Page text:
The term general welfare and defense as it appeared in the Articles of Confederation meant the same thing as it did in the new Constitution and in both cases the clauses were tied to the enumerated and implied powers.

    Hamilton was fantasizing about what the clause meant.

    Madison again:

    “That the terms in question [general welfare and defense] were not suspected, in the Convention which formed the Constitution of any such meaning as has been constructively applied to them, may be pronounced with entire confidence.”

    Madison tells Sullivan with complete “confidence” that the words in the GW cause harbored no suspected danger because the framers and ratifiers already knew the clause posed no danger in the Articles of Confederation. And the reason the clause and words posed no threat in that document was precisely because the GW clause and words were connected to specific powers.

    Madison continues:

    “For it exceeds the possibility of belief, that the known advocates in the Convention for a jealous grant & cautious definition of federal powers, should have silently permitted the introduction of words or phrases in a sense rendering fruitless the restrictions & definitions elaborated by them.”

    Here Madison says it is impossible to believe that the same people who were forming the constitution and FEARING an abuse of powers throughout the whole process of creating a new government would silently create a power which would allow the abuse they were attempting to forbid.

    In other words, the GW clause was and is to be harmless and does not grant powers in a way beyond how the power was exercised in the Articles of Confederation.

    Madison adds another proof:

    “that these terms were not understood in any sense that could invest Congress with powers not otherwise bestowed by the Constitutional Charter may be found in what passed in the first Session of the first Congress, when the subject of Amendments was taken up, with the conciliatory view of freeing the Constitution from objections which had been made to the extent of its powers, or to the unguarded terms employed in describing them. Not only were the terms “common defence and general welfare”, unnoticed in the long list of amendments brought forward in the outset; but the Journals of Congs. shew that in the progress of the discussions, not a single proposition was made in either branch of the Legislature which referred to the phrase as admitting a constructive enlargement of the granted powers…”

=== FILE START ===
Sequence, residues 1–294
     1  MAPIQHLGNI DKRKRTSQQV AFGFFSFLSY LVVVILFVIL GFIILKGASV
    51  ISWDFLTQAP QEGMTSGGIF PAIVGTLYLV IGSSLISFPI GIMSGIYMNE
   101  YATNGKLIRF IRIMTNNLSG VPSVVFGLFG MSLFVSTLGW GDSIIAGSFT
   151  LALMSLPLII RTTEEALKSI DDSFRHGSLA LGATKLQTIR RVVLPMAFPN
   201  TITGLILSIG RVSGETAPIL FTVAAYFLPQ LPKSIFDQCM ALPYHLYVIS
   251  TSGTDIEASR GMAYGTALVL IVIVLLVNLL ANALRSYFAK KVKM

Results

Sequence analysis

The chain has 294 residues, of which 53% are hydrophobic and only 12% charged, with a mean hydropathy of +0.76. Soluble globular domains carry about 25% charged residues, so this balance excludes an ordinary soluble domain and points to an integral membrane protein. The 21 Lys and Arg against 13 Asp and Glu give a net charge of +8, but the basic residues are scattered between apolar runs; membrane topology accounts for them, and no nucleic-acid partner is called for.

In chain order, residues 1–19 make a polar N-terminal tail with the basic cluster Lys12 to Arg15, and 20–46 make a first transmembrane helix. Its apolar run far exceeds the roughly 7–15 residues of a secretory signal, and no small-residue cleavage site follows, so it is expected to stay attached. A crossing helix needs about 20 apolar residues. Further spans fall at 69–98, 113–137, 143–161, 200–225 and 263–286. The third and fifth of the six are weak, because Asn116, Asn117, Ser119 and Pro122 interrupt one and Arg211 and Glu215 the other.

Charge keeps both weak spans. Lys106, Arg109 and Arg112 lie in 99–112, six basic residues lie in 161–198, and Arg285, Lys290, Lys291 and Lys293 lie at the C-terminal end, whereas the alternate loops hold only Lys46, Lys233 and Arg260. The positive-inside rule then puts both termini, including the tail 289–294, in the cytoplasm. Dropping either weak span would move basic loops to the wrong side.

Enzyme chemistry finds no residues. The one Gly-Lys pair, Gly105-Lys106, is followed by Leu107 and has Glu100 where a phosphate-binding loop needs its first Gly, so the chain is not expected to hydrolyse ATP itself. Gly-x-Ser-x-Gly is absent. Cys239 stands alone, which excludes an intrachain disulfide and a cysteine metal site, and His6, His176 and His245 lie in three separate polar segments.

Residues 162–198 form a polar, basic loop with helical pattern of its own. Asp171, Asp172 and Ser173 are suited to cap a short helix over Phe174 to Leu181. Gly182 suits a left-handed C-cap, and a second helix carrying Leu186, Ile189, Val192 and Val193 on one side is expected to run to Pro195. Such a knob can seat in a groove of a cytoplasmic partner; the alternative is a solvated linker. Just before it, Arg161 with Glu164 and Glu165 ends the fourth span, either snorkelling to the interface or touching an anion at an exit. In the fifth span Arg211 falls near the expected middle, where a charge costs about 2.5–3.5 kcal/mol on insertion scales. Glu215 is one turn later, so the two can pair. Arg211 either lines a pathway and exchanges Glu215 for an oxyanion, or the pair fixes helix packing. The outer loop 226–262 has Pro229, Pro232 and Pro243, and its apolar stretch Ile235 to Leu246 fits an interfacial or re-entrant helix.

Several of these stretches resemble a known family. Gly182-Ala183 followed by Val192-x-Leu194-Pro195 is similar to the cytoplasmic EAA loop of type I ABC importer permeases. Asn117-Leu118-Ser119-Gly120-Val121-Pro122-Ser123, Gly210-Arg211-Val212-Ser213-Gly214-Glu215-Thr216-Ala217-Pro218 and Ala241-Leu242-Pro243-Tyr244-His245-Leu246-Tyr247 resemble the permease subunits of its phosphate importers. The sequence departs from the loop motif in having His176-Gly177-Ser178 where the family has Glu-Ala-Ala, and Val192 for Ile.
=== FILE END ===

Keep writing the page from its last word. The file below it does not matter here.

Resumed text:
Madison here is talking about the first congress after ratification. They were going to make any corrections to the Constitution which they had not noticed. The first Congress began to sift through the whole document specifically looking for words that might be misconstrued or lead to danger and abuse. And not one mention was made of the General Welfare and Defense clause. Madison’s point was that this was because it was viewed to be a power exercised like the power in the Articles of Confederation and could not be construed as an ENLARGEMENT OF GRANTED POWERS.

    Madison here admits congress has granted powers, but he admits that the GW clause does NOT enlarge them.

    Hamilton, FDR, and criminal types disagree.

    Obamacare enlarges them. Social Security enlarges them. Medicare and Medicaid enlarges them. Not only do these programs enlarge some powers, they enlarge some mythical powers which are not appointed to the federal government nor are listed in the Constitution.

    None of these programs have any connection to any of the subjoined (enumerated)powers. SS and Obamacare do not enlarge the power to coin money, or raise armies, or create a post office, and such. They are entirely new powers. And new powers cannot be added to the Constitution except by the amendment process.

    To do other wise is lawlessness and usurpation.

    Signed,

    Tootie, aka Group Tootie Inc., aka Tootie the Unfit.

  46. Chan L.: “what if you had to buy it from the Federal government? Not a tax but an actual premium payment that you made every month to Federal Cross/Federal Shield for health care. Or would it actually be a tax even if you called it a premium?”

    In that case it would be even for citizens for all 50 states and would resemble FICA. But again, it would have to be on the basis of income per the 16th